Bella Burney: Oh, well, people are always like, “Oh, how does it - How does it feel?” And I'm, well, it feels like I've always been with them, like with them and their journey and stuff like that. So I've watched them play and grow and do all of this stuff. And I feel like I kind of learned it from them, like watching them do that stuff. And that's how it's easier to learn how to do things whenever I'm around them. Because it's like, I don't know, they just always - they always have this sense of helping me and it just always, I don't know, it always makes me feel comfortable whenever I'm messing up. And then they're just like, “Well, it's alright, we can try again.” Or, “We can try this different thing.” And it's just like - it's awesome. To have my sisters as my mentors and stuff.

And it's just like - it's awesome. To have my sisters as my mentors and stuff.
Bella Burney

Connor McGovern: You guys incorporate so many different genres into your music - indie folk and rock sounds are kind of the prominent ones I hear. But various elements such as country and then even punk … seem to find their way onto various tracks. How is your group able to, like, transcend genre classifications? And is it hard to try and avoid being classified as just one thing?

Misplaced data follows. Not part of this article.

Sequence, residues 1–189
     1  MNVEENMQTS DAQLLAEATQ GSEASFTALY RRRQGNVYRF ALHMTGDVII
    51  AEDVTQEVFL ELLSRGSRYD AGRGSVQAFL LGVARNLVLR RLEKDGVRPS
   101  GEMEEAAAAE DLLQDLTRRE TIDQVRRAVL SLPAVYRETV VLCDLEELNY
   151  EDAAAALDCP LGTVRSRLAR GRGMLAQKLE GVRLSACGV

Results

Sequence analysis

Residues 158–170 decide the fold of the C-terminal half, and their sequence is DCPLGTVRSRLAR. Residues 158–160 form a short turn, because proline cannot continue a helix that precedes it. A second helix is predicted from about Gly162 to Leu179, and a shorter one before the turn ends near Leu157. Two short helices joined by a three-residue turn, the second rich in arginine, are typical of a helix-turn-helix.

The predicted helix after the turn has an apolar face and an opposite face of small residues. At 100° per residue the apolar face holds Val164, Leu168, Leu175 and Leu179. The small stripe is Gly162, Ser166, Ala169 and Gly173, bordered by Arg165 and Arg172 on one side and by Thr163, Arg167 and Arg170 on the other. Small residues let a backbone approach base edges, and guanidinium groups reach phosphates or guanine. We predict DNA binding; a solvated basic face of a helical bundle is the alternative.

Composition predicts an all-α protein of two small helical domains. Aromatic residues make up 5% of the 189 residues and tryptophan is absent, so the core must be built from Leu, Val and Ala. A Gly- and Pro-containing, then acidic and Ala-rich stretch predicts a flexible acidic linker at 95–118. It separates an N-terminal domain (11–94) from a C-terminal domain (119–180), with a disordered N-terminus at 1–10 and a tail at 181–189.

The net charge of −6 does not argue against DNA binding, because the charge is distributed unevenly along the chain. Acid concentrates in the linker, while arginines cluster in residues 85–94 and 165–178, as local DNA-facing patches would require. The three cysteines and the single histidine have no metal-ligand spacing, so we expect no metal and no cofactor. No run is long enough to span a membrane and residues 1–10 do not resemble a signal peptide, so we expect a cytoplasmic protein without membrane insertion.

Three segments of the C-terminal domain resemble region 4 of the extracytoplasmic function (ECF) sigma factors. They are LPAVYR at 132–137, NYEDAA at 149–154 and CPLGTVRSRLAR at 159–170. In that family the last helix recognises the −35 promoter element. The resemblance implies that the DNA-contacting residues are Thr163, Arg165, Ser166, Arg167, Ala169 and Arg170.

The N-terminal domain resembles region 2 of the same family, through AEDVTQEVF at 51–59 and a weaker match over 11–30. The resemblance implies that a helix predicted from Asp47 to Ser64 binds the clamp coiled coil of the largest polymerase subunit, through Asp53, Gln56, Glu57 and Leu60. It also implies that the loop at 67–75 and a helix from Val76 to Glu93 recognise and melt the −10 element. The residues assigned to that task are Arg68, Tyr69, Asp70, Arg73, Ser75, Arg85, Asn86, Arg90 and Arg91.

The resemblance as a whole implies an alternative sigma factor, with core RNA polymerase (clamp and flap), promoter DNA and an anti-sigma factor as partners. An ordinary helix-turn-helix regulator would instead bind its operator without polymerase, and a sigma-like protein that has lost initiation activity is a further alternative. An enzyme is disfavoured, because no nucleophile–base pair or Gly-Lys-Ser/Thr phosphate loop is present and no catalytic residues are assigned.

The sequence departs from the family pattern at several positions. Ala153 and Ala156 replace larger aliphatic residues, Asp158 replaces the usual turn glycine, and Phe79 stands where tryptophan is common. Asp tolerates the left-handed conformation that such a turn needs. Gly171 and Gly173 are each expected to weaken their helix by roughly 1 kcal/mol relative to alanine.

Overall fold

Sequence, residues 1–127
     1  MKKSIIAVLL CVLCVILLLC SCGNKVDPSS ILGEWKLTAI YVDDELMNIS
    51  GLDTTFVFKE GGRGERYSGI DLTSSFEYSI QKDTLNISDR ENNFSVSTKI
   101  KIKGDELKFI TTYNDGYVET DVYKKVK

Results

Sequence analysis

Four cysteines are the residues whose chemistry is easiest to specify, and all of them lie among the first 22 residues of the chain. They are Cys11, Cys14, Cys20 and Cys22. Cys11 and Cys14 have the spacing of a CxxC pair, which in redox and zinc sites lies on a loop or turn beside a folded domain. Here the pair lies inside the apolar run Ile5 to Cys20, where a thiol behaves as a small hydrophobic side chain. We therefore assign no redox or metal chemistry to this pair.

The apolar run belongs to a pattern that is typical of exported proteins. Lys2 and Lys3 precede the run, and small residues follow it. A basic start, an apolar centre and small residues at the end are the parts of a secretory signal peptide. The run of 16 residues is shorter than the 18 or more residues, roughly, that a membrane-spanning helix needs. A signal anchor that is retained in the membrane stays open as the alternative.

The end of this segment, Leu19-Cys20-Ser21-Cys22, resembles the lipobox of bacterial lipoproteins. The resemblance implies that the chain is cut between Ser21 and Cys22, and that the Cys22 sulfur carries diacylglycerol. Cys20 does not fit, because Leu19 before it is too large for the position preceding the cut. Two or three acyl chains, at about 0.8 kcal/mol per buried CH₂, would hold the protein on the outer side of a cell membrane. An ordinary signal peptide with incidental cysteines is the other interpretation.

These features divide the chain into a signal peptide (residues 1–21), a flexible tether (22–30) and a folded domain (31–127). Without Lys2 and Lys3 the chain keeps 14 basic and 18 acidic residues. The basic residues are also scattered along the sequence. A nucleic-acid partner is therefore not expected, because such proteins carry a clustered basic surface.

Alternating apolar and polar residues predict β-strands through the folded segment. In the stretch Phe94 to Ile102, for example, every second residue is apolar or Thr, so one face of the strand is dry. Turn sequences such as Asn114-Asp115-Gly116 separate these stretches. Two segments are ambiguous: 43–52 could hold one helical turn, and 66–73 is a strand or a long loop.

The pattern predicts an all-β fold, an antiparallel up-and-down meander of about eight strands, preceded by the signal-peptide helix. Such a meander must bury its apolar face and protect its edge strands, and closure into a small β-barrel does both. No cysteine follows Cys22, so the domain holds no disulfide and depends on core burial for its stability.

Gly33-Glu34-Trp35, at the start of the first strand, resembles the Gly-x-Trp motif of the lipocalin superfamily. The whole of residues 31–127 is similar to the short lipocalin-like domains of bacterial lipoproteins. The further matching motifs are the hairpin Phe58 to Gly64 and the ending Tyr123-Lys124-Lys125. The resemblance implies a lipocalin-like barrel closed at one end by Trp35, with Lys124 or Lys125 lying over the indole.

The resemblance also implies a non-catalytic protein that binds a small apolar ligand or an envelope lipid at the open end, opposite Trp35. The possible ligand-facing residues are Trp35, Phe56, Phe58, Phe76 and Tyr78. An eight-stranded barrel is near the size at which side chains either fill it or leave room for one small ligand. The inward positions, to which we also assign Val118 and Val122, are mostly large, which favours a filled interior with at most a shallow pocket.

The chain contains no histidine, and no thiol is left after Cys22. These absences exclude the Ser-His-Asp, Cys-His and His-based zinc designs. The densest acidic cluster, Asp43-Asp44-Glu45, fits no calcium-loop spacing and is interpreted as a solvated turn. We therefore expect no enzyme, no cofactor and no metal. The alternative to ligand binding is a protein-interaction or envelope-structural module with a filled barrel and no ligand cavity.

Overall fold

Emma Burney: It is, yeah. Well, I think that I've met a lot of musicians who only listen to one style of music. And that's kind of, just, that's what they play. That's how they write. And that's … just them, you know? And the three of us, we all listen to different genres of music, like all kinds of different music. So it's kind of, I don't know - even if she wrote a metal song, which she hasn't done - but I could find a way to, you know, make it work. Because: Don't worry, I may have a metal song [in] my playlist! Yeah ... you've got to listen to lots of different genres.

Olivia Burney: It's like … kind of researching music. … And so I love looking for new music. And I think it helps me and inspires my writing a lot. I think that we, as a band, have never really wanted to be put in one genre and that we basically just do whatever we want. Our fans, I think, know that. Our friends, like, they know that we just aren't going to play whatever songs that we like in the moment. And that it might not fit into this genre, but it'll still be, you know, our artistic expression.

Connor McGovern: What’s next for The Burney Sisters?

Olivia Burney: Next is recordings and stuff. I really want to have more recordings for our fans, because recently … we played at The Blue Note, and, like, everybody was singing the lyrics. And I'm like, we have to do more of this so that people know the lyrics for songs. And then, like, that just feels so cool. Like it just made me feel like a million bucks. It was awesome. Like people singing my lyrics that I'm in my little bedroom writing and stuff. That just meant a lot to me.

Abigail Ruhman is a reporter and afternoon newscast anchor for KBIA. They are working on a special series, and have produced for KBIA's Missouri on Mic and Missouri Health Talks in the past.
Connor McGovern is a host and producer of KBIA's Studio B Sessions. He was born and raised in Houston, Texas, and will graduate with degrees in Journalism and Entrepreneurship from the University of Missouri in May 2023. Previously, Connor has collaborated on KBIA's Missouri on Mic, and he continues to work as a copy editor for the Columbia Missourian and a host on KCOU 88.1 FM.
Aaron worked as a full-time on-air host at KBIA from 2017 to 2022. He continues as the Managing Producer on High Turnout Wide Margins.